Welcome, Guest. Please login or register.
May 26, 2024, 11:19:26 am

Login with username, password and session length

  • Total Members: 6309
  • Latest: Vicki
  • Total Posts: 55126
  • Total Topics: 4851
  • Online Today: 98
  • Online Ever: 1314
  • (June 22, 2016, 05:23:42 am)
Users Online
Users: 0
Guests: 39
Total: 39


Welcome to the Hep Forums, a round-the-clock discussion area for people who have Fatty Liver Disease, Hepatitis B, C or a co-infection, their friends and family and others with questions about hepatitis and liver health. Check in frequently to read what others have to say, post your comments, and hopefully learn more about how you can reach your own health goals.

Privacy Warning: Please realize that these forums are open to all, and are fully searchable via Google and other search engines. If this concerns you, then do not use a username or avatar that are self-identifying in any way. We do not allow the deletion of anything you post in these forums, so think before you post.
  • The information shared in these forums, by moderators and members, is designed to complement, not replace, the relationship between an individual and his/her own physician.
  • All members of these forums are, by default, not considered to be licensed medical providers. If otherwise, users must clearly define themselves as such.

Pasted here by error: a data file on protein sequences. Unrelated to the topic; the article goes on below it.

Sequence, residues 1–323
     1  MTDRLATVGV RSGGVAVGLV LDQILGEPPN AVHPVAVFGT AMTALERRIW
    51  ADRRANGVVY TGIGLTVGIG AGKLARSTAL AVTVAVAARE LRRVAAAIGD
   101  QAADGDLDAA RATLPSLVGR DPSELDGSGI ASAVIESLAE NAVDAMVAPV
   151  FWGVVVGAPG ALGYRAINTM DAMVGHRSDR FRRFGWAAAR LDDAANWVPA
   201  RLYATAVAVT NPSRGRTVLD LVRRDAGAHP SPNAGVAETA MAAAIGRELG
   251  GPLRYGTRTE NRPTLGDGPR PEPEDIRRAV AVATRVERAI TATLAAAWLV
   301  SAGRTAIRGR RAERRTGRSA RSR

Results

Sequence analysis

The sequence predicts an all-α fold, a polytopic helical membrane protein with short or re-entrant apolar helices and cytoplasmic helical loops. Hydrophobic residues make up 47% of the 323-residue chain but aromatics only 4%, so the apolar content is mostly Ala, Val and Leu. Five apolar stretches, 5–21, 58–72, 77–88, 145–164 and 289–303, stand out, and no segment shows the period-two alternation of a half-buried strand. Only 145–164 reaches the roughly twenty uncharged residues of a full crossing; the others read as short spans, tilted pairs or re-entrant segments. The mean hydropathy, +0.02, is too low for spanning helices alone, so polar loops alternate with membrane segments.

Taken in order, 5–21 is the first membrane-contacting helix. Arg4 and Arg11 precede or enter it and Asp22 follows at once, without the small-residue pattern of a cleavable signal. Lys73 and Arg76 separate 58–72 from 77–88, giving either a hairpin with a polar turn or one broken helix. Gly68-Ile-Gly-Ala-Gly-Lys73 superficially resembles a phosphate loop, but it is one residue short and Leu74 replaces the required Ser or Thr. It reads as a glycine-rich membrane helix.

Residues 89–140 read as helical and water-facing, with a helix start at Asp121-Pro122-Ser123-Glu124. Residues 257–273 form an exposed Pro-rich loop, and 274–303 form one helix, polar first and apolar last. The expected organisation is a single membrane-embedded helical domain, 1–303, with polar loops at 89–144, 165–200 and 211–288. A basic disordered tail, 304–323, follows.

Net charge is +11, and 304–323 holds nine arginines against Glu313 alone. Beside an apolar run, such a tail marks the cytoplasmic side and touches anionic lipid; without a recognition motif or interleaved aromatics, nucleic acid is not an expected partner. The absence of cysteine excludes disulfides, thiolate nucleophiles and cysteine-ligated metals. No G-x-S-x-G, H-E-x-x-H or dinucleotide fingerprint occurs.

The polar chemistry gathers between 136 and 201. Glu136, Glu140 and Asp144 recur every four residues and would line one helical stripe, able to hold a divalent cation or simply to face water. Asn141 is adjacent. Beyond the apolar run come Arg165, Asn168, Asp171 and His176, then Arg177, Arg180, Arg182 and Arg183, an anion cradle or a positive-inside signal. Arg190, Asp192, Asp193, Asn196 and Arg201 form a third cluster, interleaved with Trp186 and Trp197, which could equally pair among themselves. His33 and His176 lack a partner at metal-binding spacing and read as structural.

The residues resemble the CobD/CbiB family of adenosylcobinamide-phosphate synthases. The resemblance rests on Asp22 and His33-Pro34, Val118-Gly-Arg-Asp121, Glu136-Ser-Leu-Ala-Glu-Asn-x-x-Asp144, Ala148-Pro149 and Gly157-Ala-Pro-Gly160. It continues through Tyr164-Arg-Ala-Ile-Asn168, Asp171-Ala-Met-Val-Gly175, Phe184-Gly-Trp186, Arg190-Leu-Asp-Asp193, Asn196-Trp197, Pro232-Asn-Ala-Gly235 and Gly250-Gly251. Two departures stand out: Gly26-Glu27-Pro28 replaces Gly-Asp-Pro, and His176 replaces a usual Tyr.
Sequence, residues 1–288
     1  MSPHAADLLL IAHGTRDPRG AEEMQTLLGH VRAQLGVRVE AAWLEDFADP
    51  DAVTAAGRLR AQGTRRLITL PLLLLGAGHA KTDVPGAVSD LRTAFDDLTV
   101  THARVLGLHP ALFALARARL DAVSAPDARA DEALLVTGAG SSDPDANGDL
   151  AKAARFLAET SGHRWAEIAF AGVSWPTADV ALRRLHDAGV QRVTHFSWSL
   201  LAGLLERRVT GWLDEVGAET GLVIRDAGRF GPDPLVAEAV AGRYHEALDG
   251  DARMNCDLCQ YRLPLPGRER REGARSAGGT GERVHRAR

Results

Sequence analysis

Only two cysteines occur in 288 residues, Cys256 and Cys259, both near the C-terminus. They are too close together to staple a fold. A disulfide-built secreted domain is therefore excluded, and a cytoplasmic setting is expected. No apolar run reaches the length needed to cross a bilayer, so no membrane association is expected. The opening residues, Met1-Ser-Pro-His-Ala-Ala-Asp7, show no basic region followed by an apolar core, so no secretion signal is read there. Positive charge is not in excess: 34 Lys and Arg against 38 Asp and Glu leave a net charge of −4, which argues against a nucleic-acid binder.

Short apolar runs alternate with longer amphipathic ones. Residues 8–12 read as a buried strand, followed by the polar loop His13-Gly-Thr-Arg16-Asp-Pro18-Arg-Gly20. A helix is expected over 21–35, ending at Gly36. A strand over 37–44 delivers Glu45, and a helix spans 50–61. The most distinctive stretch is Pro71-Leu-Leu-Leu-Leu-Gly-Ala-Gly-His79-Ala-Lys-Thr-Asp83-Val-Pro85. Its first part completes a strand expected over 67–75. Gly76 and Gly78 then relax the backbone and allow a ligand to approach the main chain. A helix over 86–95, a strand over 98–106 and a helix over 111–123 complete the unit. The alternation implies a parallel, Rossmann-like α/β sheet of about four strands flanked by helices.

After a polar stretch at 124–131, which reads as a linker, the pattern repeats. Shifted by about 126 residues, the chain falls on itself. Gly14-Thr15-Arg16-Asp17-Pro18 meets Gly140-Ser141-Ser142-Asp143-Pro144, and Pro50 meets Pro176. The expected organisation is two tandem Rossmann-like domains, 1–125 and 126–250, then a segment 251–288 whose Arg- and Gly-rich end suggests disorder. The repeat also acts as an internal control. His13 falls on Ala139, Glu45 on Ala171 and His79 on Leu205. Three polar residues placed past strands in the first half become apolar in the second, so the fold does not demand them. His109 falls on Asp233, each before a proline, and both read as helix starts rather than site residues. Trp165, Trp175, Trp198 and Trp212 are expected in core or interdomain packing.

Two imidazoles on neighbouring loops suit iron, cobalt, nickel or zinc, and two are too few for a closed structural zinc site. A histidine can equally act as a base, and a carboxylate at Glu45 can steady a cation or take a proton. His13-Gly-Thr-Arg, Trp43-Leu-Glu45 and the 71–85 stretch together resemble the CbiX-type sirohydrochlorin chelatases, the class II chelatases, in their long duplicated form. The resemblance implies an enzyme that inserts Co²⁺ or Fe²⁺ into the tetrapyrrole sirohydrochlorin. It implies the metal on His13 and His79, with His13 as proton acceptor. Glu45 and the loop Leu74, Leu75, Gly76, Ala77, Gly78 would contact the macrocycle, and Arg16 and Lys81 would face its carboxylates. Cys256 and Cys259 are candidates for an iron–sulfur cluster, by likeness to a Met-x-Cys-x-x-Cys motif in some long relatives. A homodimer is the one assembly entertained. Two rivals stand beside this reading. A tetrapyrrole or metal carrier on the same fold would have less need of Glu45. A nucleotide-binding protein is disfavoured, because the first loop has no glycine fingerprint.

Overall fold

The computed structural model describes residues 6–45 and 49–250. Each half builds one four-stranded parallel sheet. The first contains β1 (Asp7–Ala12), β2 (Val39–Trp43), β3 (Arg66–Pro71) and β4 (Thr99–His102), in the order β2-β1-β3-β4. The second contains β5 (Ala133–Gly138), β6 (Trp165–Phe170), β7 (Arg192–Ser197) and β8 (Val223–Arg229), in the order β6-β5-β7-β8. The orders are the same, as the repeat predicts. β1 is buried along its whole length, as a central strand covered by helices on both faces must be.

• Product advertisement (including links); banners; and clinical trial, study or survey participation—is strictly prohibited by forums members unless permission has been secured from the Hep Forum Moderators.
Finished Reading This? You can collapse this or any other box on this page by clicking the symbol in each box.

Author Topic: Addiction Specialists Identify Barriers to Treating Hepatitis C  (Read 5682 times)

0 Members and 1 Guest are viewing this topic.

Offline Hep Editors

  • Member
  • Posts: 784
    • Hep Mag
Addiction Specialists Identify Barriers to Treating Hepatitis C
« on: December 04, 2017, 10:38:27 am »
According to clinicians who care for those taking opioid agonist therapy (OAT) for addiction to drugs such as heroin and prescription painkillers, there are numerous barriers to treating hepatitis C virus (HCV) among this population. The hope is that by identifying and ultimately modifying such barriers, clinicians will be able to help reduce the high burden of hep C among people who inject drugs (PWID).

Researchers from the C-SCOPE study conducted a cross-sectional survey of 203 health care providers practicing at clinics that provide OAT in the United States (82 clinicians), Canada (16), Europe (92) and Australia (13).



© 2024 Smart + Strong. All Rights Reserved.   terms of use and your privacy
Smart + Strong® is a registered trademark of CDM Publishing, LLC.